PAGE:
I've been in a major rut when it comes to writing about our latest endeavors, but in my defense, the kids were on spring break this week, and one of the boys had a stomach bug and then strep throat. This was all after I had been sick with fever and chills for three days.
Early in the week, I finally fired a load of bisque, so whenever I get back to Pullen to glaze, I should have a fun post full of mugs and pie plates. I haven't applied to any spring craft shows, but I am considering hosting an open house ahead of Mother's Day. I've loved the craft shows I've attended, but they really are a lot of work for a potter. The boxes are super heavy, and packing takes a lot of time... before and after the show when it's time to pack up. The last show I did was three days long, and it was taxing weekend for the kids and Joe. Having a show out of my own home is much more relaxing for everyone!
Being stuck at home with a sick kid but gorgeous weather, I've ended up spending a lot of time in the garden preparing it for the next round of crops. Typically I stake my tomatoes with wooden poles and kitchen string, but this year I bought 5' metal stakes and reused some green plastic chicken wire for the future tomato patch. The only potential problem I see is that the plastic mesh holes are small, and there will be no way to reach my hand in to grab a 'mater. I left an opening to be able to walk inside, but I'm skeptical there will be much room to work. Eventually, I'd love to buy a roll of cattle fencing.
The three metal trellis were in bad repair with the black paint flaking out and some pieces nearly completely rusted through. I finally got around to brushing them down and giving them a coat of Rust-Oleum with a pop of color. I don't know how many extra years I've given the trellises, and I wish I'd gotten around to painting them before they started falling apart! Now they have a lot of character, and the color really took the garden from winter-drab to spring-ready.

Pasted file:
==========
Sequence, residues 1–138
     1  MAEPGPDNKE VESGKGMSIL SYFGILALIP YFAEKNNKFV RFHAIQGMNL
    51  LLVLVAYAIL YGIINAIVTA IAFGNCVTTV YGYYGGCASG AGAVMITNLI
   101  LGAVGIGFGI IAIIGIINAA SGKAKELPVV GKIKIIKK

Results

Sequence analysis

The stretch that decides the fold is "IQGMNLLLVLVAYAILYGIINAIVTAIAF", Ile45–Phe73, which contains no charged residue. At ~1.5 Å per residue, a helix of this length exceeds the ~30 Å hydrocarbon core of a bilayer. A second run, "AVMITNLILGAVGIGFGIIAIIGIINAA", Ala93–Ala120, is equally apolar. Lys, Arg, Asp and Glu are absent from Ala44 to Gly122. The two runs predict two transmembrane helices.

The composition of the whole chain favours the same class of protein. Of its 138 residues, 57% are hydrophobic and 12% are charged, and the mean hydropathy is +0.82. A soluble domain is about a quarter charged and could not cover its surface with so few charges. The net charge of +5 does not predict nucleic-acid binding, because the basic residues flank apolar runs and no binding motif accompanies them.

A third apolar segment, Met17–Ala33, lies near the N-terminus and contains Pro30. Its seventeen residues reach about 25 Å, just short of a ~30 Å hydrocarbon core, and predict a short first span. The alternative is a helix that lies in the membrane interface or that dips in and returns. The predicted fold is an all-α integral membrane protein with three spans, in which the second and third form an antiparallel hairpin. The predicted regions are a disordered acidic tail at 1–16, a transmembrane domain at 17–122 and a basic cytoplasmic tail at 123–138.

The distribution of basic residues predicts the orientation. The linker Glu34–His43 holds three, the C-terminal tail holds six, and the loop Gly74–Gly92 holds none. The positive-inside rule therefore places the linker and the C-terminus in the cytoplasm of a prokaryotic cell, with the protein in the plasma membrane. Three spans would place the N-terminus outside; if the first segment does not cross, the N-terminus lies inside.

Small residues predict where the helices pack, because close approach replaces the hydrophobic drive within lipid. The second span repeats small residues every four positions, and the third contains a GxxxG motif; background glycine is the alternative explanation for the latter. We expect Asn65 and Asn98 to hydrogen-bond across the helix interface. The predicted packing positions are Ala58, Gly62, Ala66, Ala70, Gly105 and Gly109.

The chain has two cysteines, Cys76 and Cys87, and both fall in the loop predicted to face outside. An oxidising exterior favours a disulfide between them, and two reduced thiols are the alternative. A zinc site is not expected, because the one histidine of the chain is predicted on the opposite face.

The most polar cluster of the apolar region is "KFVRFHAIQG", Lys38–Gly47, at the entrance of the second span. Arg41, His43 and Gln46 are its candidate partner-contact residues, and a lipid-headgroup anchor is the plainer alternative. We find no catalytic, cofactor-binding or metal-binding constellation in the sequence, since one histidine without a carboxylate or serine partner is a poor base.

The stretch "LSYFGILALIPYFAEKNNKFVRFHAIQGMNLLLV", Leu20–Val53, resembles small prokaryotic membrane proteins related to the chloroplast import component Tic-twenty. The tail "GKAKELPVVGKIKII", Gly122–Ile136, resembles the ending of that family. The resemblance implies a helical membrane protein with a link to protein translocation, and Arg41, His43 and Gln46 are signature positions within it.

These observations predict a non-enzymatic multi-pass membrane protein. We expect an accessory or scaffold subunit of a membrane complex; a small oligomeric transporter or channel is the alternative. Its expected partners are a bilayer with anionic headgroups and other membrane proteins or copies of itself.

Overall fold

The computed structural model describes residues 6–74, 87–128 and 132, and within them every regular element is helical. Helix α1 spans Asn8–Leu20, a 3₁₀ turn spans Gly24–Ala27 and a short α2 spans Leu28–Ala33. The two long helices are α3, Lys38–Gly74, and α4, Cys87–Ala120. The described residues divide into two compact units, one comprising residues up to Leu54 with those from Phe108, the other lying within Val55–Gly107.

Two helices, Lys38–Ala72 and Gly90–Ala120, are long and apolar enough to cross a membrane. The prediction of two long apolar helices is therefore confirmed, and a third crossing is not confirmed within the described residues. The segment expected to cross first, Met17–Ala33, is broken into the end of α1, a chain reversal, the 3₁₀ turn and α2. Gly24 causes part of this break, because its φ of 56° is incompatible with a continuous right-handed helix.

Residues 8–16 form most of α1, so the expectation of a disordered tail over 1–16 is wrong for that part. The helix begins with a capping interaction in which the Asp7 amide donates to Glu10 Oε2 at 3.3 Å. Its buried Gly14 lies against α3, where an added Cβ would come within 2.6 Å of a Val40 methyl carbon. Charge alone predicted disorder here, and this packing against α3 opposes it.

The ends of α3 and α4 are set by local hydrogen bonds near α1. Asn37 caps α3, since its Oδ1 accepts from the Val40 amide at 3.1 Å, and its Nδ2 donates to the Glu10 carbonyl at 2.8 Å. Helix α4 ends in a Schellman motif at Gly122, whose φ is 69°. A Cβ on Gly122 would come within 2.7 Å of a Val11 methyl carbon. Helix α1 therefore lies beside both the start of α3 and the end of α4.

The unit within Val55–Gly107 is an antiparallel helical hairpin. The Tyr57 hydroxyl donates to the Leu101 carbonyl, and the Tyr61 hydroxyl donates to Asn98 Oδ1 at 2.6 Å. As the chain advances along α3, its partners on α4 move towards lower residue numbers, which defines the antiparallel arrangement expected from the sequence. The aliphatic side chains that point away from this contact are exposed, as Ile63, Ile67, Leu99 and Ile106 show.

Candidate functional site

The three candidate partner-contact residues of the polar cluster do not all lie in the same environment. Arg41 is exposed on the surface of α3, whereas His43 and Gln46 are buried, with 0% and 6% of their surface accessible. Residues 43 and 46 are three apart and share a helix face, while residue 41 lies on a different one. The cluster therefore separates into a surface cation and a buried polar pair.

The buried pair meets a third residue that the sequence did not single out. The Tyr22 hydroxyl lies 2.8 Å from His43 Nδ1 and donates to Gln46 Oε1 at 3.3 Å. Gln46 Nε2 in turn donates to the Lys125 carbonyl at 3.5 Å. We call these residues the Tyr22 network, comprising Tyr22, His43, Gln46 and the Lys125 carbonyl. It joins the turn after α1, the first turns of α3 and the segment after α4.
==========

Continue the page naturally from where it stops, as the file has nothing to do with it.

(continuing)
There's not much point to this new little section of white fencing except to say, "Here's the asparagus!" Really, by the time I got the kids to go with me to Lowes, I wanted to buy everything and anything that would bring order to chaos. In our garden, I try to rotate crops, change up the brick paths, occasionally move trellises, but I also try to have anchors. The anchors in our garden are near the corners: a tee pee, the knock-out rose bush, and the blue raised bed. The movable and rotating features are built around these with consideration given to space and sun demands. Just outside the garden fence, I realized that the asparagus has become an anchor of sorts, but it's not visible for most of the year, so the little fence helps define it. I'll see how it feels for awhile and then maybe determine if there is a better use for the little fence.
While this grape vine should have been given the honor of being an anchor, it was always in the way. It would sneak only the blue-berry nets and tried to make its way onto the gate. I pruned it back heavily last fall, and then dug it up and moved it to an entirely new spot under the rooster wind-vane. The two of those combined -- wind vane and grape vine -- make a nice new anchor of their own in a long stretch of fence that tends to be mostly uneventful. I tried a gumi berry bush in that spot, but the berries tasted nasty, and the bush was demoted to the back of the property line. The kitchen garden real-estate is far too valuable for something that isn't delighted in.
The plum tree has set fruit, and it appears to be loaded this year. Last summer was the first time I was able to snag a plum before the bugs and birds, and I'm looking forward to enjoying the plums this year again.
Finally, June kitty has enjoyed exploring the garden. She loves listening to the birds, poking at worms, and stretching her kitty-legs. The other day after she rolled in the grass and dirt, she was yellow from all the pollen.